To be able to get out of debt safely, it does pay to know quite how everything works. Scurlock’s book is, therefore, an extremely interesting read as far as learning about money is concerned. It’s something of a lid-lifter on money practices, which helps elevate it into the pantheon of best books about debt. The best books for getting out of debt don’t just give you ideas, they give you background information and the tools to work with.
Scurlock’s tome exposes plenty about the credit industry which, while widely happening even to this day, isn’t actually all that well-known. The author examines the economy in grave detail, though in a way which is easy to digest. By the end of you reading Maxed Out, you should have a better idea of what credit card and loan companies do to make money, and what you need to do to avoid falling further and further into the spiral.
by James Scurlock
In this shocking and illuminating road trip through an America ravaged by debt, award-winning film director James Scurlock examines our multitrillion-dollar addiction to easy credit in all of its absurdities and contradictions.
Barbara Stanny – ‘Over Coming Under Earning’
Stanny’s volume is one of the best books for getting out of debt because, like some of the books listed above, it gives you a practical look at how to manage your finances when they’re hardly flowing thick and fast. Stanny takes time to understand how people end up living from month to month, and how you can start making more money through simple exercises.
This book is a little different to the others in this list as it focuses on how to make more cash, as opposed to analysing debt and credit in detail. Even so, it’s a fantastic read for anyone lacking self-empowerment. The best way to get out of debt is to, of course, make more cash to pay it off. This might seem like simple maths, but let’s face it – things are often a bit more complex than that.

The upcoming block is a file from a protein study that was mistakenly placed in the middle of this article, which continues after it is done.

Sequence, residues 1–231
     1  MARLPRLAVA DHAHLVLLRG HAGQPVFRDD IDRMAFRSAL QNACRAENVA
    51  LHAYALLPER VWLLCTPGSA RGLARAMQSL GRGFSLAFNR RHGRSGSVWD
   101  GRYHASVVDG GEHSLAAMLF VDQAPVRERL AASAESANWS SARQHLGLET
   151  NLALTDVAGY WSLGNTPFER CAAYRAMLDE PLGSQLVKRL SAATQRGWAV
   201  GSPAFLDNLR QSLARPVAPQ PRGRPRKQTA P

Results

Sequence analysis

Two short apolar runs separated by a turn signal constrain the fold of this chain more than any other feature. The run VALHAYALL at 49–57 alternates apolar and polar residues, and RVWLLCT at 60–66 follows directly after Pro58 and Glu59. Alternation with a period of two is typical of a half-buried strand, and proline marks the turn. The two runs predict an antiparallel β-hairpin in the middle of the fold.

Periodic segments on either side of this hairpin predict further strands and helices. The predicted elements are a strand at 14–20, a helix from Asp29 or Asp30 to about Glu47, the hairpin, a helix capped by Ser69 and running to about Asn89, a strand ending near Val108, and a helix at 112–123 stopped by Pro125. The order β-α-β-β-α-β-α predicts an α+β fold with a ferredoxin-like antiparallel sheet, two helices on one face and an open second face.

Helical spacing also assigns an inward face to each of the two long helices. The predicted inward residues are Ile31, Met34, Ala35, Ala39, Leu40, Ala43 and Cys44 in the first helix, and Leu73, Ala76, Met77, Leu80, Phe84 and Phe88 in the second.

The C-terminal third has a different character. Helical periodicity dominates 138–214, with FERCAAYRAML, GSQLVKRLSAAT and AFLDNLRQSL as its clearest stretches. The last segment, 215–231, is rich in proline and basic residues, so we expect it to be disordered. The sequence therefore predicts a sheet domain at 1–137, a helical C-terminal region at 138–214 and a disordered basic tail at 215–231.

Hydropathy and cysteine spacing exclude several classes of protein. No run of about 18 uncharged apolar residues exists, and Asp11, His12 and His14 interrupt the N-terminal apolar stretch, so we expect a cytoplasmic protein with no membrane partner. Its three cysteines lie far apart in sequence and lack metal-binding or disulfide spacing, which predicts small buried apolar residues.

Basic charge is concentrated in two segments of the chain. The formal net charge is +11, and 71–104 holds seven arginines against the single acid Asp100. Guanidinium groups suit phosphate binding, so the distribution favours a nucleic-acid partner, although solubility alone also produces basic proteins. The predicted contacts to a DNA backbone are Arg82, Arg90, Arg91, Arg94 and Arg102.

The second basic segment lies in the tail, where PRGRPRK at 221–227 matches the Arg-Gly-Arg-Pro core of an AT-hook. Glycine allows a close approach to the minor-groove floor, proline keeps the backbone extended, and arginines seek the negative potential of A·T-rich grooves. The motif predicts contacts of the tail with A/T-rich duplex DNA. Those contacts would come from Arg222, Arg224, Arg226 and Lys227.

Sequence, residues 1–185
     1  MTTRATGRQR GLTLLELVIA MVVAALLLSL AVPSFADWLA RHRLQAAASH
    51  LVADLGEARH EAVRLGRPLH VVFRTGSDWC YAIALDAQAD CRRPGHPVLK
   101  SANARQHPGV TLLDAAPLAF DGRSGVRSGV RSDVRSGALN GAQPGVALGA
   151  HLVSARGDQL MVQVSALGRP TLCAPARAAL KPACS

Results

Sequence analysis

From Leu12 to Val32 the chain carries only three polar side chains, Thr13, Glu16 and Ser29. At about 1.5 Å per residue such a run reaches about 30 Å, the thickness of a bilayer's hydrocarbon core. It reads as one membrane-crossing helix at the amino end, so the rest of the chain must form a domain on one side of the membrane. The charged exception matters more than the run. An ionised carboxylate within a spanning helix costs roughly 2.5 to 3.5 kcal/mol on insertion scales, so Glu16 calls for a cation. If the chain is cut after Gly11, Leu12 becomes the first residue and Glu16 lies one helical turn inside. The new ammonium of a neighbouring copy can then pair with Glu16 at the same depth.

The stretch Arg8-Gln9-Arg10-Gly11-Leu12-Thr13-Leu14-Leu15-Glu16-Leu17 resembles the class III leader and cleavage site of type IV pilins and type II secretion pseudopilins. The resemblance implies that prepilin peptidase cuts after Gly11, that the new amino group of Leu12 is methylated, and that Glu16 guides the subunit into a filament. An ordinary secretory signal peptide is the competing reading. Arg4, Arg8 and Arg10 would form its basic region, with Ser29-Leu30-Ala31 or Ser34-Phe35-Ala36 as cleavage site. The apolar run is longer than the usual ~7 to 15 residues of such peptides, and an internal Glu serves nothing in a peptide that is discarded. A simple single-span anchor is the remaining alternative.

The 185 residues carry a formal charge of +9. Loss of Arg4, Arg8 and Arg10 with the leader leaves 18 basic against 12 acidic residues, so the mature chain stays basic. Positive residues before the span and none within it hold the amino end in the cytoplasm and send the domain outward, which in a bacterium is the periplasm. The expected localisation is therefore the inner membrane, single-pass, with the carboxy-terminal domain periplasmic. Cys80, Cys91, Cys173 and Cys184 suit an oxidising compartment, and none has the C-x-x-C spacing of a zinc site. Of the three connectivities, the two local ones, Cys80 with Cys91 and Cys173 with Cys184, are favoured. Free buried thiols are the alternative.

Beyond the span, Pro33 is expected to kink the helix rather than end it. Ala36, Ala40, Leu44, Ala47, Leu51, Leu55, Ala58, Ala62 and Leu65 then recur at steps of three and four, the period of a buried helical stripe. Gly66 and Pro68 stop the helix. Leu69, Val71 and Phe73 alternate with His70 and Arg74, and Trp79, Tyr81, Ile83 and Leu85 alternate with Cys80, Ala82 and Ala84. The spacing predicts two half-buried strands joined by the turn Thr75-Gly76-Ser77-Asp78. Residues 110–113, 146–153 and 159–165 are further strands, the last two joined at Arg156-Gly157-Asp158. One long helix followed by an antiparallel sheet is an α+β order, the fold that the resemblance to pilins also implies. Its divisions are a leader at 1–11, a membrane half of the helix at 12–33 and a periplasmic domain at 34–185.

Stanny’s book should appeal to anyone who is keen to earn to their full potential, but who may be feeling a bit beaten back by rising debt and money problems. Ultimately, the exercises in this book should help you to break down old cycles and to build new, healthy ones.
Over Coming Under Earning
by Barbara Stanny
When it comes to money, are you controlled by fear?
Do you underestimate your worth?
Are you ready to go to the next level, but can’t seem to get there?
If you answered yes to any of these questions, you may be an underearner.
Jerrold Mundis, ‘How to Get Out of Debt, Stay Out of Debt, and Live Prosperously’
Billed as a catch-all guide on how to escape the clutches of any kind of debt pile-up, Mundis’ volume is fantastic reading for the practical debt-buster. The author has actually based his guide to breaking free from debt on the principles of Debtors Anonymous, the US self-help group which helps millions of Americans each year in taking control of their money.
Mundis’ book is going to be ideal for anyone who wants to take debt recovery one step at a time, and for those who prefer to make plans and to plot out courses of action. For example, the author explores useful negotiation strategy when you need to speak with the taxman, as well as how to harness your own anxiety when debts start piling up.